Tuesday, 12 June 2012

Elephant No. 254: Painted Foil

Today was a crazy day, so I needed something quick. A few weeks ago, I happened upon this rather pretty children's art activity, and it seemed perfect for today.

There are a number of variations on this activity, but most of them appear to involve scribing a design into heavy foil, outlining the design with a marker, then filling things in with water-based paint such as tempera or watercolour.

Grade 2 painting on foil, inspired by Keith Haring drawings.
Source: http://www.haringkids.com/lesson_plans/learn/painting-on-aluminum-foil

I started by peeling off the last bit of heavy-duty foil from the roll I had. I had planned to wrinkle the foil before I started, but this was already quite wrinkled.

I made a rough sketch next. I suppose I could have scribed directly onto the foil; however, with a surface this wrinkled, it seemed more sensible to sketch something I could scribe over.

I placed the foil shiny side up on a piece of cardboard, and taped the drawing to the foil to keep it from moving around while I scribed the design. I ran over the lines of the sketch with a pen, then removed the drawing and went over them again with the dull end of a bamboo skewer. In a few places, I used the skewer to smooth out the wrinkles. This was something I did primarily in the tassels, the band around the blanket, and the headdress.

Once I was happy with the lines, I went over them with a permanent black marker.

I started by trying to paint the foil with watercolour, then tempera, but both beaded up on the surface more than I liked. So I switched to bottled acrylic paint, and used it more or less full-strength.

As I painted, I had to keep tilting the foil to see any unpainted areas. Foil is incredibly hard to paint on because of all the reflections. It's probably even worse when it's wrinkled.

It doesn't really show in the photographs, but this is quite pretty in real life. The foil glows through the paint, reflecting in a rather interesting way. The wrinkles were also helpful. Not only do they add an extra bit of sparkle, but they also allow paint to collect, providing more variation in tone than you'd get on a flatter surface.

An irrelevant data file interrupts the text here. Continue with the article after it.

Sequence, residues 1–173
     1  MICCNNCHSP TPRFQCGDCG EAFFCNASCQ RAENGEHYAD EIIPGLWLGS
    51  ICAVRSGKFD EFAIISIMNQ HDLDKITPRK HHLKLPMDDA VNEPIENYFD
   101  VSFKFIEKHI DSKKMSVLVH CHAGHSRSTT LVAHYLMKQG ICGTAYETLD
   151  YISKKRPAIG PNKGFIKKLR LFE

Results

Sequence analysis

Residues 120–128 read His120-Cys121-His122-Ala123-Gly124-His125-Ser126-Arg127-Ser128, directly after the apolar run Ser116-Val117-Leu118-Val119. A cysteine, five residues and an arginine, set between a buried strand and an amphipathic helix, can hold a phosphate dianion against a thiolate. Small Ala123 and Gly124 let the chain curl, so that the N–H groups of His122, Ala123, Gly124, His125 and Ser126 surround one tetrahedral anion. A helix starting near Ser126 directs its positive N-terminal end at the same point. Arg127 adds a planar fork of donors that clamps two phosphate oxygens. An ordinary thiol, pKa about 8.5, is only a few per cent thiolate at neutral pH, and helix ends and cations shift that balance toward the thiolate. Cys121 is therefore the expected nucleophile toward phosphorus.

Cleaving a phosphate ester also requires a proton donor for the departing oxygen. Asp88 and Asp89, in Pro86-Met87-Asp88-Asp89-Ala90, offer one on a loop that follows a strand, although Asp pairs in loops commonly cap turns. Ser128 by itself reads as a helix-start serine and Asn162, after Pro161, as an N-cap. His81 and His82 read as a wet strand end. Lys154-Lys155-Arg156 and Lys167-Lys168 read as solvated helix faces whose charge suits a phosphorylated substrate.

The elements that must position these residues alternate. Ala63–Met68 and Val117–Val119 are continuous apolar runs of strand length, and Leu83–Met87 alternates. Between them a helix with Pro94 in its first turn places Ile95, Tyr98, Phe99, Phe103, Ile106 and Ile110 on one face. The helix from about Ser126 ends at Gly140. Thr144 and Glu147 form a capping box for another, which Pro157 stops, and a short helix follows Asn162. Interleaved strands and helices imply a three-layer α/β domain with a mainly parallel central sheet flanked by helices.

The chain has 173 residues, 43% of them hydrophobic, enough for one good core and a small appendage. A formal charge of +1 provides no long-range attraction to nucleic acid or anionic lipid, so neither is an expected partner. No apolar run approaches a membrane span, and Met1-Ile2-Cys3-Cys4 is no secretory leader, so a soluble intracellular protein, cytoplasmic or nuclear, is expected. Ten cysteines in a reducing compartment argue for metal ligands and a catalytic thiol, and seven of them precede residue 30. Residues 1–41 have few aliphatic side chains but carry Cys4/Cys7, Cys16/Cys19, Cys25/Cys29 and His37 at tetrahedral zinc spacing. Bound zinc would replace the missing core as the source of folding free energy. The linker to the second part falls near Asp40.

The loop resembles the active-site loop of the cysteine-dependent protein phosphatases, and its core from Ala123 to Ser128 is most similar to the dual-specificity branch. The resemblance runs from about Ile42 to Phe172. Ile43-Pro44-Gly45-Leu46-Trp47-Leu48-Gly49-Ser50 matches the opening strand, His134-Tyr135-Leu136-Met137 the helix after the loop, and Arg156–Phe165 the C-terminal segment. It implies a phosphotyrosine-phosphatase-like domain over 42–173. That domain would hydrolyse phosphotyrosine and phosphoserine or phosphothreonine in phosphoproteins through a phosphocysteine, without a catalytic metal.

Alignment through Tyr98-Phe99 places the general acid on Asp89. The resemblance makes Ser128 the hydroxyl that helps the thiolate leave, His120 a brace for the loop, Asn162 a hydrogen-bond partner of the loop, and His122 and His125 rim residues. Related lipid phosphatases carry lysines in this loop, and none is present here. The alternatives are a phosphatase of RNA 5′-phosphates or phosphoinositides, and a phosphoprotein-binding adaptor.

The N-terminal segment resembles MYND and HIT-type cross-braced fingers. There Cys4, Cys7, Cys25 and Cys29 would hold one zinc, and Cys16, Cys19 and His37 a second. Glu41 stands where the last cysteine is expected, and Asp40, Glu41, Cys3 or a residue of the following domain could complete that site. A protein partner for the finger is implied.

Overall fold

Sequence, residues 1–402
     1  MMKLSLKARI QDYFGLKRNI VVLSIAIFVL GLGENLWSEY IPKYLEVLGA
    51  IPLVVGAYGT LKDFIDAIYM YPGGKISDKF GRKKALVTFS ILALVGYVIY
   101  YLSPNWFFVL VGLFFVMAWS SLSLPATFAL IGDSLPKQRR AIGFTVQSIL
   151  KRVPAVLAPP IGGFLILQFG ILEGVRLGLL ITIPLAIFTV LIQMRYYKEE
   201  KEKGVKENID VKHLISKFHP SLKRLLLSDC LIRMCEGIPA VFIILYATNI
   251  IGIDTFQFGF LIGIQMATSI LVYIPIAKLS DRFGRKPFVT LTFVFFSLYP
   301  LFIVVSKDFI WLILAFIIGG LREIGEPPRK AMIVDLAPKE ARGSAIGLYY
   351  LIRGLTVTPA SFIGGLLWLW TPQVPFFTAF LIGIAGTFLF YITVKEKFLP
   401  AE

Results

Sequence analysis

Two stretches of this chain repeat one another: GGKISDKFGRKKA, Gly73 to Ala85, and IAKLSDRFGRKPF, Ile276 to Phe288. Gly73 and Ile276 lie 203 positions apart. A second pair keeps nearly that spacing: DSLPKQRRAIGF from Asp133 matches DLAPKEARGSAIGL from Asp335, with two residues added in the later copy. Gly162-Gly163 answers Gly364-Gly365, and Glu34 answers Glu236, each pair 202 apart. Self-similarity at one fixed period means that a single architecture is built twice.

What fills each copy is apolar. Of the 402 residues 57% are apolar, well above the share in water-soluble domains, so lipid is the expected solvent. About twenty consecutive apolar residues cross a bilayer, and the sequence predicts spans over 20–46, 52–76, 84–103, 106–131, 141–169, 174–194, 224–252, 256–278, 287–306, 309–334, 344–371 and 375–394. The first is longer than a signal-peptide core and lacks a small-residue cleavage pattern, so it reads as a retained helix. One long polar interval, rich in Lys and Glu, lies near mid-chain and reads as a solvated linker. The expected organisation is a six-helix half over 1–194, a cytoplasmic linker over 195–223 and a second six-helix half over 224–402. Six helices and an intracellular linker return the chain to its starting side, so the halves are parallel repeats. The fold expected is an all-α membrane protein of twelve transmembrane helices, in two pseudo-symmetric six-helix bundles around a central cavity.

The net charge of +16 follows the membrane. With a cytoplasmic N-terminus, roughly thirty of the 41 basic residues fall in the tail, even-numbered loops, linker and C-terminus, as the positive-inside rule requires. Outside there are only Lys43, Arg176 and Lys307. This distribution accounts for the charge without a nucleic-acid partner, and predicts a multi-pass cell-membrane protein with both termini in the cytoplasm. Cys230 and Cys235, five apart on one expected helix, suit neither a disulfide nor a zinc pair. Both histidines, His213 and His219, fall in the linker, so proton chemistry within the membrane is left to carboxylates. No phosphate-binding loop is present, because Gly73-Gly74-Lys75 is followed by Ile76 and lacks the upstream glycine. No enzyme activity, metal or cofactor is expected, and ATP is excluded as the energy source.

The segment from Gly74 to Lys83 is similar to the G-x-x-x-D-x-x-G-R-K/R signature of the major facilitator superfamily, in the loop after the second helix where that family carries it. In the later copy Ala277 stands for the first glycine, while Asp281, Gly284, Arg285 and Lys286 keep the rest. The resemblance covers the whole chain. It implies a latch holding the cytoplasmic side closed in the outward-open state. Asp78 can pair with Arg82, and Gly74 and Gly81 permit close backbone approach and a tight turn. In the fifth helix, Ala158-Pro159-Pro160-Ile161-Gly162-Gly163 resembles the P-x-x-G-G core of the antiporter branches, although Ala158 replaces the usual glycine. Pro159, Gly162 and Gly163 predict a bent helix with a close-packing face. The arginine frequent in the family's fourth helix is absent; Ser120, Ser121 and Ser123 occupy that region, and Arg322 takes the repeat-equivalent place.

This took me about an hour, which was longer than I expected. It was also slightly more difficult than I expected, although it's certainly not a challenging activity. I'm not sure I'd make a habit of painting foil, but as an accent for a larger work, or as something like an insert on a greeting card, this would be perfect.

Elephant Lore of the Day
On Super Bowl Sunday in early 2012, thousands of dollars were raised by the Indianapolis Zoo for elephant conservation in Tanzania.

Lucas Oil Stadium was the site of Super Bowl XLVI, which pitted the New York Giants against the New England Patriots. During the game, the Indianapolis Zoo—located about five minutes from the stadium—offered its parking lot and a shuttle service to people attending the game. Within a single day, the Zoo had collected a cool $91,000 in parking fees.

The money was sent to the Tarangire Elephant Project in Tanzania, a country that is home to Africa's second-largest elephant population. Project director Charles Foley said that the funds would be used to start a new collaring project that would help researchers track elephants as they entered and left Tarangire National Park on Africa's east coast. The project would not only provide valuable information on related elephant populations throughout the country, but would also help reduce poaching in the region.

Elephants in Tarangire National Park.
Source: http://www.amani-tours.com/attractions/tarangire

 To Support Elephant Welfare
Elephant sanctuaries (this Wikipedia list allows you to click through to information
on a number of sanctuaries around the world)
Wildlife Trust of India

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